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1911 quality and reliability

Discussion in '1911 Forums' started by TexasVine, Feb 27, 2010.


  1. TexasVine

    TexasVine
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    Recently I have been on a quest to purchase a new 1911. I have looked at a Taurus to Les Baer and yet to make a decision. What I noticed on the forum as well as others is many comments on reliability issues with major 1911 manufactures such as Springfield, Kimber and Colt (and a few others). Some comments I read is that you can basically pay a grand for a 1911 and still get a gun that has problems. My question is why? You would think companies that make thousands of these guns a year could get it right. How can you get a Custom II or a Loaded have issues out of the box? You would think that each gun that is mass produced is the same as the one made before it. Is it the 1911 platform? I have just not had any problems with any revolver or other type semi auto that I have purchased. I want a 1911 but FTF and FTF issues I read about on guns that cost big bucks is a bit scary. People may say they don't like a Glock but it's not based on performance.
     

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    #1 TexasVine, Feb 27, 2010
    Last edited: Feb 27, 2010
  2. Glockdude1

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    With every gun maker you will have a lemon. The good news is, they are few and in between. The sad news is, the internet chatter will talking about said lemon, as if it was a million lemons from said gun maker.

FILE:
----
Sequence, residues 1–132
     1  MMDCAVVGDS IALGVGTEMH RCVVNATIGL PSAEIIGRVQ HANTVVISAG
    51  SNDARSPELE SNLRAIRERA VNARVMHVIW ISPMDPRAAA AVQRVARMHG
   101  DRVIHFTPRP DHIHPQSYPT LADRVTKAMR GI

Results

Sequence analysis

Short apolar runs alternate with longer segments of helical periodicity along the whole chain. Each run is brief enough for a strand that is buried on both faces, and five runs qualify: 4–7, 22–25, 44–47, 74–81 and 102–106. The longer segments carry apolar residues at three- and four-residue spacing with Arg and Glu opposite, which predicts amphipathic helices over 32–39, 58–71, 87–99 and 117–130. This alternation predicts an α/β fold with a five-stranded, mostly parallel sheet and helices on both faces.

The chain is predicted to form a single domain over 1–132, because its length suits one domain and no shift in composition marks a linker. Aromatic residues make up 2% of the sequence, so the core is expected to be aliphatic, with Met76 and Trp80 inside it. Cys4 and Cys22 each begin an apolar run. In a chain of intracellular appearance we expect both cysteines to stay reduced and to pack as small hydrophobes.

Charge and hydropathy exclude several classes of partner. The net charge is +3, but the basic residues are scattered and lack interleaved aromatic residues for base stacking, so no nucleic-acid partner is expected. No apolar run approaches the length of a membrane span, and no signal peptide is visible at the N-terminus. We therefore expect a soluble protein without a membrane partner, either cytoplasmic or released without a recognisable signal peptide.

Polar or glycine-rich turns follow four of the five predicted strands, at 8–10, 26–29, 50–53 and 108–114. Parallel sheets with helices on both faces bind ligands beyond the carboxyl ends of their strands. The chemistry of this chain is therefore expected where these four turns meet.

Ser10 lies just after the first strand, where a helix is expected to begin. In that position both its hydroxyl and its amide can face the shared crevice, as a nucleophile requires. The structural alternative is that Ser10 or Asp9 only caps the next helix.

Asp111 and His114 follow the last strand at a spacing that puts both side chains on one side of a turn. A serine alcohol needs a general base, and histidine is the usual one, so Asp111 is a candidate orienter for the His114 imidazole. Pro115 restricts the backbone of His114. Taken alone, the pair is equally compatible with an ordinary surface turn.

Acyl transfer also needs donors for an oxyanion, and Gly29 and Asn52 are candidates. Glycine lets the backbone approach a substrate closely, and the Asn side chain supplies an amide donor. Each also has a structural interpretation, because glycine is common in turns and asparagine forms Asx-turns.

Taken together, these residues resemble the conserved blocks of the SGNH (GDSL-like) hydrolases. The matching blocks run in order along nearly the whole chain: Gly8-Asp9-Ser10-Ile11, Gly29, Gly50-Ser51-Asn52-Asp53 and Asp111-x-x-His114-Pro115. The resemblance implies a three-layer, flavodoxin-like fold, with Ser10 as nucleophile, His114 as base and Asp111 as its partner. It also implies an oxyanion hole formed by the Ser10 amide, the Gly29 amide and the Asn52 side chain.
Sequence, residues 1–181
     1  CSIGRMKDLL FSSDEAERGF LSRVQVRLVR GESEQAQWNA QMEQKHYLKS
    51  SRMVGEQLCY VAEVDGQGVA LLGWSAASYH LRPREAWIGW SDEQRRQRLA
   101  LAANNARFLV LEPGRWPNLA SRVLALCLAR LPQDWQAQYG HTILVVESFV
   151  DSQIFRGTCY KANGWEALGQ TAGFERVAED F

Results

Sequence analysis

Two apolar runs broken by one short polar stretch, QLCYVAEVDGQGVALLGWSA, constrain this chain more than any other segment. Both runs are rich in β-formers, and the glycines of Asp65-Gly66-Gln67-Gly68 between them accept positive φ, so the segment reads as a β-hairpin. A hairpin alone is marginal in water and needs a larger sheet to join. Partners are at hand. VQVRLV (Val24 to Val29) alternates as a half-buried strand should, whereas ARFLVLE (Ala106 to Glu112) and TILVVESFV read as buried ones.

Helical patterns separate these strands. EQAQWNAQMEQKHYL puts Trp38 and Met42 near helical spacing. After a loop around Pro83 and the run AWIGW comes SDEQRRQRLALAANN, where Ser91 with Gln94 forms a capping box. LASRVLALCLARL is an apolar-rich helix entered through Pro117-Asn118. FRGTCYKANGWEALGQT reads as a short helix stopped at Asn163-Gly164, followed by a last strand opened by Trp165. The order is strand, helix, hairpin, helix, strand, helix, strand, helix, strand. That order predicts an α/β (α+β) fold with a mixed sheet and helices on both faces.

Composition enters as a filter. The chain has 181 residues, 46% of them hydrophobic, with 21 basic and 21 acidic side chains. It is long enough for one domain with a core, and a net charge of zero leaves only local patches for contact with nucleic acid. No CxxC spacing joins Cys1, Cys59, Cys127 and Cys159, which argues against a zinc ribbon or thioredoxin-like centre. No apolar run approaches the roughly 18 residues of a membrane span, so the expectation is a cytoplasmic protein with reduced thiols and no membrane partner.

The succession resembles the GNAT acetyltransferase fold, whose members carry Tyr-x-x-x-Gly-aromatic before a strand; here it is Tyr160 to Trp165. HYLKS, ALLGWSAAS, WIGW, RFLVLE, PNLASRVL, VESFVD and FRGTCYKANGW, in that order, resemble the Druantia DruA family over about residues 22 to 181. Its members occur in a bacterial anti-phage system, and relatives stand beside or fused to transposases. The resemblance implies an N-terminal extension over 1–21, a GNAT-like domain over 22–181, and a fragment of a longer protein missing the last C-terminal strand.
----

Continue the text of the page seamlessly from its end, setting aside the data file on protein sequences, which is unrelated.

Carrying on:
The chances of you buying a lemon is very low.

    I own a Springfield MC Operator. I have had it for 3 years. All I have done to it is load, fire, clean it, repeat.

    :cool:
     

  3. Goodspeed(TPF)

    Goodspeed(TPF)
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    Mostly, yes. I have had (and still have) good ones that work, (Colt, Wilson, Les Bear, Para Ordnance, Springfield Armory, Taurus, Norinco, Ed Brown and Nighthawk) and I have also had bad ones that did not work (Colt, Wilson, Kimber, Springfield Armory, Les Bear). Ya pays yer money and ya takes yer chance.
     
    #3 Goodspeed(TPF), Feb 27, 2010
    Last edited: Feb 27, 2010
  4. HAMMERHEAD

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    1911's can be frustrating. I had a Kimber .45 that would not feed hollowpoints at all, a Colt .38 that was reliable, but not more than 3.5"/25 yards accurate. A Springer 9mm that was super accurate (<2"/25 yards) but just horribly unreliable (bad/rough frame).

    After taking some time off from 1911's and letting my wallet heal, I took a big chance on a Les Baer P-II in .38 Super. Accuracy was beyond my ability to test, but it a few teething issues as well. They had left a burr on the breach face that caused failures to lock up. Once I figured out the problem it was an easy fix, and my Baer has been 100% reliable for almost a year now. It cost twice the price of my HK, and three time the price of my Glock (or more), but it is far and away my favorite firearm.

    I think the 1911 is more labor intensive to make, and not designed with new processes in mind like modern pistols, making it harder for the manufacturers to compete with Glock, Sig, etc...
     
  5. akapennypincher

    akapennypincher
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    Some gun maker make more Lemons, pay for quality, get quality.
     
  6. gconan

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    Get a 5" or 6" Les Baer, a couple of Wilson Combat, Chip McCormic power mag's and you will achieve a fine weapon!
     
  7. ajgranda